We just played through Leverage and it has me thinking a lot about a lot of different pieces. On balance, we had a ton of fun with it, even with only a passing familiarity with the rules. I’m sure our second play through will be smoother.

As a license-based game, the system captures the feel of the original show amazingly well. You don’t play the original team; instead there’s a very compelling system of generating a few details of your character and having the rest revealed through your first job. I’ve not really thought deeply about the many ways to construct character creation rules, so this was fun to play with. Many of the bits left undefined are textual descriptors, which can be challenging to define without having played the character (as we’ve found with In a Dragon-Guarded Land). Defining them slightly later helps provide inspiration.

Nominally, the rules suggest that these details should be provided via flashback scenes, which is very much in the show’s style. However, we struggled to break out of our pre-conceptions about play needing to be done linearly. A lot of this game’s challenge lies in figuring out what to focus on and what to gloss over and fill in later with a flashback. The thing that’s most interesting about flashbacks in this game is that those scenes can be used for retroactive narrative positioning with no other mechanical effect. In theory, that’s a tool that could be used in any game.

The side-effect mechanics governing Complications was a lot of fun, but it seemed like fewer Complications arose than I was expecting. I can’t say if there weren’t enough Complications for the plot—I was just expecting they would be a bigger factor. In actual play, we had three. Plot points were, though, a much bigger deal than expected. Especially since the first job gives you points for defining parts of your character. I’m keen to see how things play out in the second job when opposition is harder and plot points are scarcer.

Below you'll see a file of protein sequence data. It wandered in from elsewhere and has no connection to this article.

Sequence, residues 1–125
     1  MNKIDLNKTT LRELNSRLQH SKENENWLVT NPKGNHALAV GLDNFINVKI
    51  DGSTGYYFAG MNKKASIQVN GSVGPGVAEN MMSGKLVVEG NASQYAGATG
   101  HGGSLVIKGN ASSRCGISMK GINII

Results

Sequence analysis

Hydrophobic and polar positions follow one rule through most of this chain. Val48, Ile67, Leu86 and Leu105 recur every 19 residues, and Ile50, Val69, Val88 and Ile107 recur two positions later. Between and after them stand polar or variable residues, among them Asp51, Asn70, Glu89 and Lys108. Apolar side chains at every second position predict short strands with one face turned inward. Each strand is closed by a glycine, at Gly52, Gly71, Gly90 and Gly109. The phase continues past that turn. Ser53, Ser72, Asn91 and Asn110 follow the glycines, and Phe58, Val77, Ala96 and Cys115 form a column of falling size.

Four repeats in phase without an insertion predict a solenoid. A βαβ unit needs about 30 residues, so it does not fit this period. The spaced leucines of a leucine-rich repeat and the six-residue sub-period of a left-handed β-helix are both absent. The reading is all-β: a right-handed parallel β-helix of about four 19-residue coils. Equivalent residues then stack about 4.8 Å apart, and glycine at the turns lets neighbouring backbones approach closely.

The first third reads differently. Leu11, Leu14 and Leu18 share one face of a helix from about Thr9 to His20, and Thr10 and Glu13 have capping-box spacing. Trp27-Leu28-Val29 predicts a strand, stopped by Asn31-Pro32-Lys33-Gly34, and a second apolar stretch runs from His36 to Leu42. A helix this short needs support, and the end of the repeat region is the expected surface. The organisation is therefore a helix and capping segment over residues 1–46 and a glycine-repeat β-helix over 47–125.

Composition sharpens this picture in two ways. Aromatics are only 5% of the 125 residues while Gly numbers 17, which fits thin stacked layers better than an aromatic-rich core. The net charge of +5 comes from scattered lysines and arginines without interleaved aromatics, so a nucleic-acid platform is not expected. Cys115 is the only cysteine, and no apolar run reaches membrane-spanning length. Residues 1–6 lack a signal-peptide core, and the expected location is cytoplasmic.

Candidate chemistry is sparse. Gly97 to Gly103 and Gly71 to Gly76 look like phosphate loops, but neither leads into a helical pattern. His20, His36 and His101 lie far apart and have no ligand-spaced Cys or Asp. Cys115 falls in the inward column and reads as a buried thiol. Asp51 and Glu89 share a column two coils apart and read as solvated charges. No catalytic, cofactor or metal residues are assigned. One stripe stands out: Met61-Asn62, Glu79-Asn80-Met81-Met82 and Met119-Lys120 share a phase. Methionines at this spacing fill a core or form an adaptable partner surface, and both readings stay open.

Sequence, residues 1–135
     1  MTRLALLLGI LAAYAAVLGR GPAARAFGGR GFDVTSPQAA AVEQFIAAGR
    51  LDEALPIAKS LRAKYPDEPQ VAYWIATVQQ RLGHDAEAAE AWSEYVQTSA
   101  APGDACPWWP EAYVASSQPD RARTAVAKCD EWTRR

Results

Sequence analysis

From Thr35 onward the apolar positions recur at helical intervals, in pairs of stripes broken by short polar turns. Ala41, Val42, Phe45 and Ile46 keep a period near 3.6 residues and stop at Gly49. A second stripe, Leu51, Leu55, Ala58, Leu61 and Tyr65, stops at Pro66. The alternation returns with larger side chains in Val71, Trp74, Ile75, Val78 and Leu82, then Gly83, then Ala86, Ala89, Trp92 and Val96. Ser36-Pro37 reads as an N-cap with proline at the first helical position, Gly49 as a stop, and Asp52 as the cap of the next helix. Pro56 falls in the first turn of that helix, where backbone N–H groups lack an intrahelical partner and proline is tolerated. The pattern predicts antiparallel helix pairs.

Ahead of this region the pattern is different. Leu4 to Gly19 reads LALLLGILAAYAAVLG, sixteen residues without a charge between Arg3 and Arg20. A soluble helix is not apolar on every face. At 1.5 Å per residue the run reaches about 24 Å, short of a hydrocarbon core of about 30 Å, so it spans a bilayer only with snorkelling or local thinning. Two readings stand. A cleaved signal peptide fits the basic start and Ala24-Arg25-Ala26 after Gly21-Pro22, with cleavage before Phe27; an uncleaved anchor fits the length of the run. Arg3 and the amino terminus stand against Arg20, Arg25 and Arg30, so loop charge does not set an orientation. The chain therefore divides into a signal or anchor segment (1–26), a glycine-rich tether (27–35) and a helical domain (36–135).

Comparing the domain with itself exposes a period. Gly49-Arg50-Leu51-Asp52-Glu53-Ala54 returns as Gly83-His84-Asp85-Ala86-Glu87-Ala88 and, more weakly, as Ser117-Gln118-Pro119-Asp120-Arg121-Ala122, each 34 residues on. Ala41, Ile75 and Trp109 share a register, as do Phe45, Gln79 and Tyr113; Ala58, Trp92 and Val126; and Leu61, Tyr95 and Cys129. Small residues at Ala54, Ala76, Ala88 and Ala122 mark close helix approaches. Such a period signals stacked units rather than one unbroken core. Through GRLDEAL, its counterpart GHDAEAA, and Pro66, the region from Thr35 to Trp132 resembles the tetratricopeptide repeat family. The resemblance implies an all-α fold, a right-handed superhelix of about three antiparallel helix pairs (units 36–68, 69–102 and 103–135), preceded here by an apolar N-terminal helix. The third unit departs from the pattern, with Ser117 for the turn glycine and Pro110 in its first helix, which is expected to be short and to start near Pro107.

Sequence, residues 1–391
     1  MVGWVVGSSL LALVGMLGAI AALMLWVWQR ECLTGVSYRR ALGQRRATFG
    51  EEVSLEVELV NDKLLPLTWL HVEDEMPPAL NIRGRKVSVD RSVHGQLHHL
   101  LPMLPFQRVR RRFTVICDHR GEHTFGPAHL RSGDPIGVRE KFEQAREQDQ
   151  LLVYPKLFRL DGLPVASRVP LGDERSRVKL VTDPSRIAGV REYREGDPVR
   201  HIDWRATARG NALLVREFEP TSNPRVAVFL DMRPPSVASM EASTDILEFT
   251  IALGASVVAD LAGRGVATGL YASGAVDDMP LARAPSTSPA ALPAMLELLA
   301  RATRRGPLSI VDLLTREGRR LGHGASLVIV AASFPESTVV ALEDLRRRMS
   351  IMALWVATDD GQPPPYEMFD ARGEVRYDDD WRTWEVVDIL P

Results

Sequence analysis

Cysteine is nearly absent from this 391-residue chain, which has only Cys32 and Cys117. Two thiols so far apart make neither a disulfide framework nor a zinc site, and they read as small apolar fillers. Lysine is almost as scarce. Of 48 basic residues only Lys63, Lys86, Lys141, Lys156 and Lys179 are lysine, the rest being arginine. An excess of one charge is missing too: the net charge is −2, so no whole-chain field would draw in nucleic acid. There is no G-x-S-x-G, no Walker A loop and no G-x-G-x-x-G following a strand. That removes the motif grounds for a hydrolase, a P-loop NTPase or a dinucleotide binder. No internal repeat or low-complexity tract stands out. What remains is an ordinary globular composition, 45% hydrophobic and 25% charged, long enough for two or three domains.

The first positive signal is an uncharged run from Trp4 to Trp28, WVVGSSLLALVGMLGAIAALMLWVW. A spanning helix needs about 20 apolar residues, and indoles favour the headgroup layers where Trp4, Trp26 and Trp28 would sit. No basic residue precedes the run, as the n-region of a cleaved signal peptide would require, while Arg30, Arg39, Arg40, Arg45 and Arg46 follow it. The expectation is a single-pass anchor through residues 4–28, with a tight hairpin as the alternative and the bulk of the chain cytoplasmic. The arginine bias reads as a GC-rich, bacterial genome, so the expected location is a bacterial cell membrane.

Talents are much much less significant than expected. Basically, they’re cute tricks that a player can invoke. But frankly, most of the players ended up not having selected all of theirs, despite being able to choose them on the fly. I’m not sold on them yet. Players like to have powers, I get that. I’m just not sure whether they add more value than complexity. More play is required.

I also thought there were too many kinds of actions. It wasn’t that it was hard to tell what kind of action was called for but the rules are slightly different for the different kinds which made arbitration difficult for me as a first time GM. Familiarity with the system will make that problem go away. We also had a scene that started as a contested social action that descended into a fight action. We decided to simply not get into the fight rules and to resolve the scene with the same stakes, but new dice. But as most of us were game designers, we’re quick to patch over edge cases with impromptu rulings. Above all, the writing extols the virtue of keeping the game running.

Speaking of keeping things running, I realized that having the NPCs stats in a summary block all in one place would’ve been a huge help. The quickstart job does list all the NPCs in the back but it was buried under the character descriptions. Austin made the point that I’m not really at my best when I’m running a pre-made adventure, and that’s true. I am amused that something as simple as “above the description” or “below the description” is enough to make me unable to find critical data. Also noteworthy was that there was a slight difficulty in keeping track of Complications and Assets beyond the scene I’m which they originated. I’ll have to keep a notepad for next time.

Anywho, our time with Leverage was a ton of fun, and we’re all looking forward to playing it again. It’s made me think a lot more about character generation and I’m looking forward to cracking into the supplements.